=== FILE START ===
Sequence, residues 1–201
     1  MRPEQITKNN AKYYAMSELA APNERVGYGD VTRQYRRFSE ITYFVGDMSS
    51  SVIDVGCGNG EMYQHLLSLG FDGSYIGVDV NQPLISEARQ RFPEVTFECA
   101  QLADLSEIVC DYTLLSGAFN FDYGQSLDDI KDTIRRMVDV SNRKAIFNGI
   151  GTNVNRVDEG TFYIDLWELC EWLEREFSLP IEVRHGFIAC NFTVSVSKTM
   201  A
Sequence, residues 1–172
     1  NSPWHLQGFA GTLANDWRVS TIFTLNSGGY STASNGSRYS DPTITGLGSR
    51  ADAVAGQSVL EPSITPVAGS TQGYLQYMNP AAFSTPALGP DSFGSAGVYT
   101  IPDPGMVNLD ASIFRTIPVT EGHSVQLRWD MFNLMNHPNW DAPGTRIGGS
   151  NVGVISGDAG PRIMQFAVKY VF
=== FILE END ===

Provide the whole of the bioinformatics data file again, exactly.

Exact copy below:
Sequence, residues 1–201
     1  MRPEQITKNN AKYYAMSELA APNERVGYGD VTRQYRRFSE ITYFVGDMSS
    51  SVIDVGCGNG EMYQHLLSLG FDGSYIGVDV NQPLISEARQ RFPEVTFECA
   101  QLADLSEIVC DYTLLSGAFN FDYGQSLDDI KDTIRRMVDV SNRKAIFNGI
   151  GTNVNRVDEG TFYIDLWELC EWLEREFSLP IEVRHGFIAC NFTVSVSKTM
   201  A
Sequence, residues 1–172
     1  NSPWHLQGFA GTLANDWRVS TIFTLNSGGY STASNGSRYS DPTITGLGSR
    51  ADAVAGQSVL EPSITPVAGS TQGYLQYMNP AAFSTPALGP DSFGSAGVYT
   101  IPDPGMVNLD ASIFRTIPVT EGHSVQLRWD MFNLMNHPNW DAPGTRIGGS
   151  NVGVISGDAG PRIMQFAVKY VF